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Natural Waterways And The Merchant Marine

( Originally Published 1918 )

Importance of the minor waterways. If anyone is anxious to see the development of American industry as it really has been, he must not shut his eyes to the importance of even the smallest type of our natural waterways. For the eastern half of our country, as it developed, there was on the one side the sea and on the other the Mississippi and its great tributaries - the importance of these cannot be overlooked by anyone. But the whole country between was a network of protected tidewater bays, inlets, and small streams on the east, and, farther west, of innumerable small tributaries to the great river system. But the small streams and the upper courses of the larger ones, far above the point of steamboat navigation, were of great service in floating products of various sorts down to the navigable waters. Small boats penetrated long distances upstream and tapped many small springs of trade which without them could not have contributed to the great currents of commerce.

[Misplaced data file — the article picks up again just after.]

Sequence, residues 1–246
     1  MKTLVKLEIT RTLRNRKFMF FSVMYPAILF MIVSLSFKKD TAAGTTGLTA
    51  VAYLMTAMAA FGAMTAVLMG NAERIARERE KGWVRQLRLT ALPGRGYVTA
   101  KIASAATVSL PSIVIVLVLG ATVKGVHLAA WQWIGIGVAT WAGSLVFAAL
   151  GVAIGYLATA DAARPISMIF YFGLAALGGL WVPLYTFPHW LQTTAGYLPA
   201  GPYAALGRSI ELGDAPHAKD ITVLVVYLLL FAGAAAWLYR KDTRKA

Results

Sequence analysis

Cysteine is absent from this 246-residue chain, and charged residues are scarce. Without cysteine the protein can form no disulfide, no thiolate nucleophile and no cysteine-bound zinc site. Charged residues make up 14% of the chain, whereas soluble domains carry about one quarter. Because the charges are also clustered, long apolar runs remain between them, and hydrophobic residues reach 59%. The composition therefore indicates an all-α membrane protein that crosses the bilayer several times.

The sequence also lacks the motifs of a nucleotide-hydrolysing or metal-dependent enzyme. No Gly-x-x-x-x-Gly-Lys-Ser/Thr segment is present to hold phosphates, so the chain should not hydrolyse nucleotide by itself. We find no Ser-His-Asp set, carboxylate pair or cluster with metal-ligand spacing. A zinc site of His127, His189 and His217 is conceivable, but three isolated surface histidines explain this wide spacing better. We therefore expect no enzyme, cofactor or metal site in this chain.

The traffic of the natural waterways. The canals did not diminish the importance of our natural waterways, large or small ; on the contrary, they increased it. They were generally laid out for the purpose of connecting ways already provided by nature, and they increased the traffic on such ways up to the time when the railroad succeeded in rendering other forms of internal transportation, for a time at least, obsolescent. There are not many statistics to be had covering the traffic upon natural waterways, least of all upon the smaller ones ; the government did not assume control of the waterways as it did of the railways, and the water carriers were not obliged to submit to the authorities such statistical reports as those required of the railroads. Consequently, even for the period when the inland waterways did the bulk of the carrying business, there are no very complete returns of an exact nature. General considerations, which are, however, no less true for being general, are about all that we can cite for the earlier period.